Kuta consists of narrow little streets and pushy vendors trying to sell you things you really don’t need or want. The only redeeming feature for me is the Bali Sea Turtle Society. You won’t find fancy offices or a visitors center here, only a giant turtle filled with sand. What’s in that sand? Hatching turtle eggs! But let’s backtrack a little bit to find out how the eggs got here…
First the eggs
Female Olive Ridley Turtles crawl up the sands of Kuta beach to lay their eggs from May to July. Each female can lay up to 30 eggs. During this season, rangers and volunteers patrol the beach day and night to keep the turtles and the eggs safe. The eggs are then collected and carefully transferred to the ‘giant turtle hatchery’.
Then the hatchlings
Only 30 to 40 days later, baby turtles break through the soft shells. This is where you can join in. And it’s completely free.
To release a hatchling, simply show up at the giant turtle from July until October. I was lucky enough to release a turtle as late as the end of November. Be sure to check out the Bali Sea Turtle Society facebook page for regular updates.
Show up in the afternoon between 16h00 and 17h00 and join the queue. The Bali Sea Turtle Society cannot guarantee that everybody will get a hatchling. Even if you don’t get to release one, you can still witness the journey of the hatchlings crawling into the sea.
Listen carefully to the instructions and obey them. It’s not that difficult, and the rules are there for a reason. The main rule is: Don’t touch the baby turtles with your hands! It might be tempting because they are very adorable, but please do not touch them.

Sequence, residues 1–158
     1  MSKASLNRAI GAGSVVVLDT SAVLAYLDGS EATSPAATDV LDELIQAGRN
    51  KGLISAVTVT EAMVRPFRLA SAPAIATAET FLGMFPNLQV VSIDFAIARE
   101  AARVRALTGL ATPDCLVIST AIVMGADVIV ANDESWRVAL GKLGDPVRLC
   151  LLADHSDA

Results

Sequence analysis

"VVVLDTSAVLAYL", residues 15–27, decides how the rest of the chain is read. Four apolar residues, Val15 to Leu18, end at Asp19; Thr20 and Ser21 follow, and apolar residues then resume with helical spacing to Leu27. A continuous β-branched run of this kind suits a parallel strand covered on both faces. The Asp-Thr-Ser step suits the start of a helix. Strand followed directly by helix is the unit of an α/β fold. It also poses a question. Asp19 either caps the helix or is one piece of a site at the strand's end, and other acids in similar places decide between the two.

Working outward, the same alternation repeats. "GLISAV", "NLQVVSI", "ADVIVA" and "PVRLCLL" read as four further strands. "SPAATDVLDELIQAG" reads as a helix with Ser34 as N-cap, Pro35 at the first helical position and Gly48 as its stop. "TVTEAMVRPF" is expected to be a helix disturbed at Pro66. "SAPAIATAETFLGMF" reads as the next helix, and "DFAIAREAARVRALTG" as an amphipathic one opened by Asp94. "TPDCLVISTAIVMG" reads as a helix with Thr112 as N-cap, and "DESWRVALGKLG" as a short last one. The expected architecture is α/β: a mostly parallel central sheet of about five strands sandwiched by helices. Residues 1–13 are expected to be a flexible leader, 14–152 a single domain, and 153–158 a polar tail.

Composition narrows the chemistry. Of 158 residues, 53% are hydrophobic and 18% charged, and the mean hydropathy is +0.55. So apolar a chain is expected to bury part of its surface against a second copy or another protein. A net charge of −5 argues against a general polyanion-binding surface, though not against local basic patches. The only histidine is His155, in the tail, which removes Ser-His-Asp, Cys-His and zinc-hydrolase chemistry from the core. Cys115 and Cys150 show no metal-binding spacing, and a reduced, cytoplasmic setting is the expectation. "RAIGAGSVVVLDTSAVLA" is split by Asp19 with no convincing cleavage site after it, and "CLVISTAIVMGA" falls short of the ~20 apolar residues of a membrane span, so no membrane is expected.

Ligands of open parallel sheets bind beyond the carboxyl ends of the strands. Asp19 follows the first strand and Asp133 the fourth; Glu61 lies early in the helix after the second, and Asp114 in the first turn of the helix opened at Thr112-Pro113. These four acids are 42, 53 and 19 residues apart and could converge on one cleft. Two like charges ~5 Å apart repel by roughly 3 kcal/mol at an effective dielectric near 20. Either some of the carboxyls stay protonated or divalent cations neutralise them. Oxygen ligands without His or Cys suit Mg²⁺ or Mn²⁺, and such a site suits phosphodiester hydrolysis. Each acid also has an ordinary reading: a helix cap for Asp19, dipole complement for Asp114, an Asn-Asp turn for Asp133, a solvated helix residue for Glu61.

Now that the formalities are out of the way, the releasing can begin. Collect your turtle from a ranger and carefully transport it in a plastic container to the beach. Everybody lines up at the edge of the water, hunch down, tip the containers and releases the turtles all at once.
It’s truly amazing the see how their instincts just kick in. The hatchlings head straight for the water. It’s like the sea is calling to them…
Some of them get stuck in the sand and need a little bit of help.
But eventually, they all end up in the sea, where they are supposed to be.
How can you help?
There is a donation box where you can make a contribution to this worthy effort. The Bali Sea Turtle Society also sell some pretty great merchandise. Look at this cool t-shirt I bought.
What’s going on with sea turtles in Bali today?
There used to be three species of sea turtles, including the Giant Leatherback Turtles, laying their eggs on Bali beaches. Unfortunately, due to excessive poaching, only one species is left today, the Olive Ridley Turtle. With conservation efforts increasing, the Bali Sea Turtle Society hopes that the other species will return soon and make Bali their home again.
It meant the world to me to be part of and witness this process. I would highly recommend this experience for every animal enthusiast out there. The next time you are in Bali, why don’t you do something meaningful and join the Bali Sea Turtle Society at Kuta Beach.